And ASF, unlike other sponsoring organizations, does not make a commitment to produce any of the workshopped plays, so there is little sense of competition between the works. All the same, since Sherman took over the theatre eight years ago (bringing Rominger with him), around 50 percent of the plays that have come through the festival have been fully produced at ASF.
Rominger prefers a light touch in developing a play and readying it for production. “Like children, they develop in their own ways and sometimes it takes many years for them to realize their potential,” she says. “At other times it’s a very quick process. And sometimes, a play develops well, but it’s not right for us. Then it becomes a matter of trying to help the playwright find the perfect theatre.”
The second play of the weekend, No Mercy by James Bowen, was read last year as well. And Sherman is willing to put in still more time developing it. “It’s all about process,” says the playwright, who acts regularly in ASF productions and holds a resident-playwright post at the theatre. “If on Thursday, I decided that my Act 2 was incomprehensible, we could have just read Act 1.”
No Mercy, a period drama set in 1902, begins with two African-American men taking shelter in an inn, where they meet a third man who is waiting for his lover. The complicated backstory of the couple’s relationship forms the crux of the play, whose themes touch upon the role of African Americans in the South during Reconstruction.
“We’ve been convinced that the South is the most evil, horrible place you can go in that time period,” Bowen reflects. “From all I’ve now learned, I don’t believe that’s necessarily so.” The artists and audience members of ASF are well aware of the stereotypes that the rest of the country has about their region. “Actors do this as well. If you’re going to play someone stupid, the first thing you do is give them a southern accent,” Bowen adds with a wry grin.
The third play of the weekend, The Wedding Ring, a musical with book and lyrics by Vigilant and music by Gerald V. Castle, detailed the relationship between a man and woman from meeting to marriage to divorce, with a boxing ring as a framing device. Vigilant is ASF’s chief operating officer; he also wrote Bear Country, about University of Alabama football coach Paul “Bear” Bryant, read at SWP in 2008 and premiered in 2009, where it became the biggest selling play in ASF history.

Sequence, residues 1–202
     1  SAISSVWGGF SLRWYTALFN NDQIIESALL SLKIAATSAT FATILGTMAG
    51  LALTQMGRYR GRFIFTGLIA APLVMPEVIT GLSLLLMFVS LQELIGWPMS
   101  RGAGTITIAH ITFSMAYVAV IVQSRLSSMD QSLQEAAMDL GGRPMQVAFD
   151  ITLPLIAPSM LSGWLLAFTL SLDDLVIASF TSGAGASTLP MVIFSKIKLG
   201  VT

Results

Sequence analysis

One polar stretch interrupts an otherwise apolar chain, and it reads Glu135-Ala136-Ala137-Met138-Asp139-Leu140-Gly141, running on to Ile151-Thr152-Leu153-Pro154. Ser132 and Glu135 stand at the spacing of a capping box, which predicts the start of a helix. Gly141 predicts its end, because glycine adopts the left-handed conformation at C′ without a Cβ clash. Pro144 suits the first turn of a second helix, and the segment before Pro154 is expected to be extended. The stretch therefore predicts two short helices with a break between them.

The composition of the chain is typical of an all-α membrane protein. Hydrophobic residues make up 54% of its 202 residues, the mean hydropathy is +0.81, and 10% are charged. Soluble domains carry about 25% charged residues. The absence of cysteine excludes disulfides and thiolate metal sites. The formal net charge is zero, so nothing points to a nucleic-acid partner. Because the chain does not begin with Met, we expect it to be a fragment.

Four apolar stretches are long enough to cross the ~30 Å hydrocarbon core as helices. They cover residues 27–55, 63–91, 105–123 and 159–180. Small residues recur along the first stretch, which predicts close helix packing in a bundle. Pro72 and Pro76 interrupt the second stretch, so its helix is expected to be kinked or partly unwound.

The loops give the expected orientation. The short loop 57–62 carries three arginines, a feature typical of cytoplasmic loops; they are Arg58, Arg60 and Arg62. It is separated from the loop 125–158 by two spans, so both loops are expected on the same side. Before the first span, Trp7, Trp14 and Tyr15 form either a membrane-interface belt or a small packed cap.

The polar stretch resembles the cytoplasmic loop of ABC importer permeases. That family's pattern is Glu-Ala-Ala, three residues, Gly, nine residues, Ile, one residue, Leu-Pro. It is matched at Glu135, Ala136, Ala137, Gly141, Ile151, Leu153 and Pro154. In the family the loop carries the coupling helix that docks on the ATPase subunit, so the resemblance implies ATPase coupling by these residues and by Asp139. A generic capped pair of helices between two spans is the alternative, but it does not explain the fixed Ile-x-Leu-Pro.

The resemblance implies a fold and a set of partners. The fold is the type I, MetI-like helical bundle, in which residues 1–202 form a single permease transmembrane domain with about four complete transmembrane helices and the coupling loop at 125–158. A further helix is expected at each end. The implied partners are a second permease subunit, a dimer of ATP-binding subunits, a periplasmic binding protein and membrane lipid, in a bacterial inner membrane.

“What is so important about the Southern Writers’ Project is these are stories from the South, exported from Alabama. So along with football, lumber and golf courses, there are also these plays going out and getting published,” Vigilant opines. “In a place where education suffers, and, to some extent, so does culture, ASF is a beacon of art, making sure that assistance is given to help these stories be told well and then sent out to other places.”
The success of Bear Country and other SWP plays indicates a hunger in the community for locally grown stories about the South. So for Kenneth Jones, a New Yorker, the standing ovation of the very first reading of his play Alabama Story was especially gratifying. The play takes a whimsical look at the real-life controversy about the children’s book The Rabbits’ Wedding by Garth Williams, which was forced off Montgomery library shelves in 1959 because it was interpreted as supporting integration.
“I wanted it to be steeped in the Deep South, to be as authentic as possible without being a cliché,” Jones explains post-reading on Sunday, after a week of staying up until 3 a.m. rewriting. The play was finally completed on Friday. “I wanted to see if it passed some sort of historical muster.” Jones plans to take Alabama Story back with him to New York City for further development. “I now want to hear reactions beyond those of the local audience, to see what’s universal about it.”
That motive is appropriate, even welcomed, since Sherman and Rominger frequently use the phrase “geo-specific theatre”—works that stem from a particular region that speak not only to the people of that region, but become universal. And this specificity—in a region where there are very few places local writers can go to develop their work—is what makes SWP special, according to Rominger. “We give a voice to southern playwrights and southern stories that might not actually ever be heard, and we bring them to light. There’s a wonderful history of gorgeous southern storytelling, from Faulkner on, that we can’t lose.”
Toward the end of Bowen’s No Mercy, the character Clanton Grant, a journalist, says: “I’ve never seen the South, sir. Mr. Lincoln used to say that without the South, we have no country. I’d like to get to know it better.” The Alabama Shakespeare Festival and its Southern Writers’ Project are eager to make the introduction.